Dedicated to providing the latest
HIPAA compliance news

Jocelyn Samuels Gives Update on OCR Compliance Audits

Share this article on:

office-for-civil-rights-1Since the announcement that the second phase of compliance audits would be delayed, the Department of Health and Human Services’ Office for Civil Rights has remained tight-lipped over timescales.

Now, a year on from the original proposed start date, many expected OCR Director, Jocelyn Samuels, to give a timescale for the HIPAA audit program at the Safeguarding Health Information: Building Assurance through HIPAA Security HIPAA Security Conference in Washington this month.

Samuels gave a keynote address at the National Institute of Standards and Technology (NIST) and Office for Civil Rights (OCR) hosted conference, and while she did not provide a date or a timeline for the compliance audits, she did indicate the audits are now very close to becoming a reality.

She explained that the OCR has many roles, with compliance audits a part of its enforcement activities.Audits are really a critical compliance tool for us because they enable us to get out in front of potential industry problems before they result in a breach … and they enable us to better tailor our guidance and our technical assistance to ensure that we’re addressing the most common problems.”

Laying the Foundations for a Permanent Audit Program

 

The first phase of compliance audits was conducted in late 2011/early 2012. In the following months there was talk about the next phase starting in the fall of 2014; however as that date drew closer the OCR was forced to delay.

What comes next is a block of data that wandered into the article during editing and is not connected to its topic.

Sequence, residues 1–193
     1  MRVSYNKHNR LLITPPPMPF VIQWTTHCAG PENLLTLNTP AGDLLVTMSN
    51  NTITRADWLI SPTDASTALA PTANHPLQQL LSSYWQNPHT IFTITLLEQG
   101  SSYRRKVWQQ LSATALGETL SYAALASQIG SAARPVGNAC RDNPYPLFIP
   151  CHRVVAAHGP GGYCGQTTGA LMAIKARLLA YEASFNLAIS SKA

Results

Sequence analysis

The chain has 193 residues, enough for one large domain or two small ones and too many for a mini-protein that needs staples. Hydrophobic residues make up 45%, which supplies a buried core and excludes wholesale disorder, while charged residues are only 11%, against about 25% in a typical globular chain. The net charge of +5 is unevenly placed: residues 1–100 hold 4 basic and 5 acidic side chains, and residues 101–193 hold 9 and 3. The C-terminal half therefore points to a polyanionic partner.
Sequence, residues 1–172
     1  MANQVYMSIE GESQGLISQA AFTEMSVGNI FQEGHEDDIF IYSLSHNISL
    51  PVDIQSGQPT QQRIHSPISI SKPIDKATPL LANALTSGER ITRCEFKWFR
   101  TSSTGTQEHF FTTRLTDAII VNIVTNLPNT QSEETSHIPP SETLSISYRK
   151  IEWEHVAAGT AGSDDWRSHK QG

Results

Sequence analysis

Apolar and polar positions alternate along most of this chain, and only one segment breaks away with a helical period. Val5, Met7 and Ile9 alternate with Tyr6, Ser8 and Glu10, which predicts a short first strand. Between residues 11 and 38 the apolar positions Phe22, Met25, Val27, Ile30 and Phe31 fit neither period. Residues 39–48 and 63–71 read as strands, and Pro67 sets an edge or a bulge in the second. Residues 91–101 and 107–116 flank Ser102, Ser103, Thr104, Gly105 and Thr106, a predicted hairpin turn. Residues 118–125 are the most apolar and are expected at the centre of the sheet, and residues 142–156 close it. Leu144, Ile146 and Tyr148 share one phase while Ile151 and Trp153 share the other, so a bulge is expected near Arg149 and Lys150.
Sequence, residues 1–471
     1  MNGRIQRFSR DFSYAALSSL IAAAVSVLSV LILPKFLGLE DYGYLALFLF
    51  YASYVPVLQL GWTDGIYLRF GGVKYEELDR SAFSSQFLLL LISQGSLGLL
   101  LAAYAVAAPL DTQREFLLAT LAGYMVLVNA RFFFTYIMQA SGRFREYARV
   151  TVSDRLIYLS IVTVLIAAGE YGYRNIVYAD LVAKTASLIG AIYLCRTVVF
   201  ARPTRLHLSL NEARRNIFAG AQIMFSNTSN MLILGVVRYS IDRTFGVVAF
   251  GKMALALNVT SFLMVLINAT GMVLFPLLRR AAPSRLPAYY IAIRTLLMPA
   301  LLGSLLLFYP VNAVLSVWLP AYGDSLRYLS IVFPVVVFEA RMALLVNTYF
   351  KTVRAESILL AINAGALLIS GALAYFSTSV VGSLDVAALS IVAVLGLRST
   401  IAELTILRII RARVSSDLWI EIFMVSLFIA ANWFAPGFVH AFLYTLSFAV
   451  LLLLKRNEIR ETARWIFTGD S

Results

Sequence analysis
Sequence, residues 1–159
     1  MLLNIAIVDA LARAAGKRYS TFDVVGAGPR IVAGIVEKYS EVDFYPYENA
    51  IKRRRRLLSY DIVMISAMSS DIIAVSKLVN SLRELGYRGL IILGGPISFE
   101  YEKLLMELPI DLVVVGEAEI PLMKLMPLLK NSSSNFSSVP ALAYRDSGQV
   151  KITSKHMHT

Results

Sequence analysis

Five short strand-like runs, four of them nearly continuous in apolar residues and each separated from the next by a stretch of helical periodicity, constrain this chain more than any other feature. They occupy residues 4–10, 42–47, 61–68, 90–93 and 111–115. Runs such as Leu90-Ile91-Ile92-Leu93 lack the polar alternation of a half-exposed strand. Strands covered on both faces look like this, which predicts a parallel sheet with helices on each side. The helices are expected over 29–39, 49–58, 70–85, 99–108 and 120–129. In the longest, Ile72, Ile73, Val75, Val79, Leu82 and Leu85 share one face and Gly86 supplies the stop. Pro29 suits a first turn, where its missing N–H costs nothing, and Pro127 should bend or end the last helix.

The OCR has been under considerable pressure in recent years. The agency has an enormous workload and has been struggling with a lack of funding. With resources stretched, the OCR has had to work hard at improving efficiency, and doing more with the resources that it does have.

Part of that process involved the implementation of a new and more efficient data breach portal. Covered entities are now able to file breach reports more easily, and the arduous process of data collection has been streamlined; a necessity ahead of the next round of audits.

Since the pilot phase was completed, the OCR has been laying the foundations for a permanent audit program; a process that appears to be almost complete. New members of staff have been brought in and the OCR has been enforcing HIPAA rules with more vigor; issuing financial penalties to organizations that fail to comply with HIPAA regulations. According to Samuels, “We are hard at work on the next phase, and I know you’ve heard that a lot, but it’s coming,”

Update on OCR Compliance Audits

The pilot audits identified key aspects of HIPAA Rules that covered entities were struggling to comply with, and that information has been used to develop a new protocol for the next phase of audits. The OCR previously announced that the new protocol would include audit modules covering the Security Rule, Privacy Rule and Breach Notification Rules, which could be combined as required. A full compliance audit would consist of all three.